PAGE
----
How sad. Thirty-three of our retired Bishops have chosen to divide our annual conferences again over the gay ordination issue. Led by one Judith Craig whose "experience" of gay/lesbian pastors' dilemma over ordination issues. What happened to Wesley's other quadrilateral tests; Scripture, tradition and reason? Have they gone out of vogue? Or do they not line up well with the Liberal Agenda of what matters most to the Liberals? If "experience" is the test for Annual and General Conference agenda that matters, how about the "experience" of women who have had abortions and "experienced" grief, devastation, and depression just to name of few side effects of post abortion "experience". Shall we debate that as well and bring all the conservative/liberal arguments to the table for vote? How about husbands/wives divorce "experience" issues. Gun-toting divorced men coming to the Pastor's office to discuss his loss of marriage and children? Shall we debate that as well and bring gay marriage to the table as well? Think of all the "experience" trauma we could bring to divide our Annual and General Conf. voting blocs.
The United Methodist Church has helped start more "community non-denominational" churches in America over this one issue than we have started nationally combined on our own I would suspect. I would think the Bishops would start noticing the decline of membership/worship numbers the last 20 years we have debated this issue and ask themselves what we are gaining/losing in the debate.
It grieves me to see once again that our Annual Conferences and our General Conf. will be dragged thru these contentious battles and then be told to "kiss and make nice" as though it really didn't matter after all.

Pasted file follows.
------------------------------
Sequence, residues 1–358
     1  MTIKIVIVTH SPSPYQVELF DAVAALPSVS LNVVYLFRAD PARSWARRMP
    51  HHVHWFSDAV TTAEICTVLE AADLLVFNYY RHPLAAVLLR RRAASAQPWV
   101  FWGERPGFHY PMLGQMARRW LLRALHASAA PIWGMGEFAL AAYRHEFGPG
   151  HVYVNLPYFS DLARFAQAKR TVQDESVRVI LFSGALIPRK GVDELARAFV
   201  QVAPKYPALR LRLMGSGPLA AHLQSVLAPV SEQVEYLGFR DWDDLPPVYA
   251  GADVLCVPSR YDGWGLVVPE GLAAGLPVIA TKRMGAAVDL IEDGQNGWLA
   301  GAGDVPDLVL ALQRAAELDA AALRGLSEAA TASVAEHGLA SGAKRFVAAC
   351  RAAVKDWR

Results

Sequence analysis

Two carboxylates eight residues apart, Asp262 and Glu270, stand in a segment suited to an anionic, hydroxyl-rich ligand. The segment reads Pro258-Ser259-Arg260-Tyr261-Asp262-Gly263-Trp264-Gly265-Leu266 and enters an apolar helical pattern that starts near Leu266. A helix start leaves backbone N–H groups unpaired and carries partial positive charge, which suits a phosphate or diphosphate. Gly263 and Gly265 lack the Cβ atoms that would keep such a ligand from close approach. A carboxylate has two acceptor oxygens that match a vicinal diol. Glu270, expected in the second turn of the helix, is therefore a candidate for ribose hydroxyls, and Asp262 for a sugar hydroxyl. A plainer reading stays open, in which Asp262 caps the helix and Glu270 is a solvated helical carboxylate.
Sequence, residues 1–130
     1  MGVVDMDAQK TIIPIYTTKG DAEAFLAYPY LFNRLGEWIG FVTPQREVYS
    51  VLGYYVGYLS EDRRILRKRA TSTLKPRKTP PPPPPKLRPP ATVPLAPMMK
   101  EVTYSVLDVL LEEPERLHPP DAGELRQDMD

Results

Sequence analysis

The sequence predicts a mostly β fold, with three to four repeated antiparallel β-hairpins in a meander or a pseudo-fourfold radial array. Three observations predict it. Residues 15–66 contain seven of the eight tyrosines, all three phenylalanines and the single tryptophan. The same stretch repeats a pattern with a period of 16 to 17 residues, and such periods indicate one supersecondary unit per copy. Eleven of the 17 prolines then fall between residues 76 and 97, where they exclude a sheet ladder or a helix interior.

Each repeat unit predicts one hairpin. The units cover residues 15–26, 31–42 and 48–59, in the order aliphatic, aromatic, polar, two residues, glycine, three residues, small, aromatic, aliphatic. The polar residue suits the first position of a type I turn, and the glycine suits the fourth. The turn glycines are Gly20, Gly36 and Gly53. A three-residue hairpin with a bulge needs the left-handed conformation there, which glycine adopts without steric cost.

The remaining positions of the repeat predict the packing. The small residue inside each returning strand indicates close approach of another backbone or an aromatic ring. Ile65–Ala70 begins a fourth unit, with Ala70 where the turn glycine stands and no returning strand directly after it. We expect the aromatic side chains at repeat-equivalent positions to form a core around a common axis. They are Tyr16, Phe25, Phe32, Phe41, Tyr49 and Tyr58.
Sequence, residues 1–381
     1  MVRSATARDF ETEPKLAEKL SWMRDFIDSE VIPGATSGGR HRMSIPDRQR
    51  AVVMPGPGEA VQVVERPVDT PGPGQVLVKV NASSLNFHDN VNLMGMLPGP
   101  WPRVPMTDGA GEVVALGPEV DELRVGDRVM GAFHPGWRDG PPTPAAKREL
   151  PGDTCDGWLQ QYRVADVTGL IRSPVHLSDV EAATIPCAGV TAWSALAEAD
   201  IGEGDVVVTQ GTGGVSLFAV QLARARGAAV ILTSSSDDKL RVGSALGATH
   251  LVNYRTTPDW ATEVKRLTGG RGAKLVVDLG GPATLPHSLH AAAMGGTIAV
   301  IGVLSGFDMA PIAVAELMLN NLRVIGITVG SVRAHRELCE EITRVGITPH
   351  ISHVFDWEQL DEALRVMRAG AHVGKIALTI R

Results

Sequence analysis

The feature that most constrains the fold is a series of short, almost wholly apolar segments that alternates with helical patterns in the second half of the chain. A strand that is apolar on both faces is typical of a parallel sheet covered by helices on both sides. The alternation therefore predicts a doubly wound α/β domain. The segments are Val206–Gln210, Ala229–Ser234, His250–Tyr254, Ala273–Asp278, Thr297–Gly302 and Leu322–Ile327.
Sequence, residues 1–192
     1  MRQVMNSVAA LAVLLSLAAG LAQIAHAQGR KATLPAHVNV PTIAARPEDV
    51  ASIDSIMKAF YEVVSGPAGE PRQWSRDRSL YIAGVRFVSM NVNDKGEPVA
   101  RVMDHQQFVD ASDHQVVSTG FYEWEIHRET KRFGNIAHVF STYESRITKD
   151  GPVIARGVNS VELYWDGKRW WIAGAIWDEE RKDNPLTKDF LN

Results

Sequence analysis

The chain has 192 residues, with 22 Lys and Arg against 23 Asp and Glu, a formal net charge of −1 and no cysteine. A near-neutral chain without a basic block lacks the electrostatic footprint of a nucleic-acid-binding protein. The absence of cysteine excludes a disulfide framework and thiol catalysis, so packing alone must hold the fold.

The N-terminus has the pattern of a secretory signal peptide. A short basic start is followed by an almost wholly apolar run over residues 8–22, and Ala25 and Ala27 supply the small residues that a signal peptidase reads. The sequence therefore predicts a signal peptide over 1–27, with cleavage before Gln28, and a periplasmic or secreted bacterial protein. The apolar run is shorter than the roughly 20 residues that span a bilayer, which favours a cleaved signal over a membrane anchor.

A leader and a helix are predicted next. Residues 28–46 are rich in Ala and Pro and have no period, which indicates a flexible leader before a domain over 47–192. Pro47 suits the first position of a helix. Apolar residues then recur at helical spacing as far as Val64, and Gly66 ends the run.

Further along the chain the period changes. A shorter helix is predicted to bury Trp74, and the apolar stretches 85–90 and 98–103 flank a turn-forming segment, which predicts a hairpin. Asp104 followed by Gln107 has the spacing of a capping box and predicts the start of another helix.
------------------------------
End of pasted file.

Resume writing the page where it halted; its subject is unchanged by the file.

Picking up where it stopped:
I understand the problem. I understand the dilemma. I have counseled many of the wounded in all "experience" struggles of every kind and category it seems. I have wept with them as well. But I think it's time we admit we are not going to agree and separate ourselves so that all can get on with the Church each group wants and deserves, whatever that might be.
I suppose we could have the pro and con groups separate themselves in a walk- out as our political brothers and sisters are doing around the country, run away to another state and hold our Annual Conf. and General Conf. delegations hostage while claiming that we are "doing justice for the middle class" or whatever class we might assign to the aggrieved on either side. And hope someone will change our diapers when the stink becomes overwhelming in the hot tub retreat center.
I am retired as well. But I haven't started a caucus group to force agenda on the Annual Conferences or The General Conf. Maybe our retired Bishops need to take up a hobby in retirement and "experience" something besides politically correct migraine headaches or attempt to create them for others.
M. Gene Young, Retired U.M. Pastor
It was disheartening to read that 33 of our retired (United Methodist) Bishops took it upon themselves to oppose the General Conference’s ban on gay clergy. By this action, they have placed themselves in opposition to 40 years of consistent action by our General Conference. Their statement assures that our long nightmare is not over, and next year we will once again be subjected to our quadrennial flagellation.
These retired Bishops unwittingly demonstrated that in at least one way they are just like the rest of us. When we go to the Bible with our preconceived ideas, we are sure to find what we are looking for. They sadly call for the Church to follow culture, instead of redeeming culture. Even worse, they may not even recognize that culture needs to be redeemed.
Surprisingly, however, I found a hopeful ray in an otherwise discouraging article that I had not anticipated. It was in Bishop Whitaker’s suggestion that the current wording in the Book of Discipline might be changed “to take less a tone of condemnation and emphasize the need for all clergy’s celibacy in singleness.”
I would heartily endorse this idea in the hope this action could bring some resolution and peace to our church. In my most hopeful moments, I believe that if we who agree with the Discipline’s stand on homosexuality could get in a room with those who want to change it, conference together (a novel concept!), and agree on this one step – then maybe 40 years of pain could be released, and a new day for the church would emerge.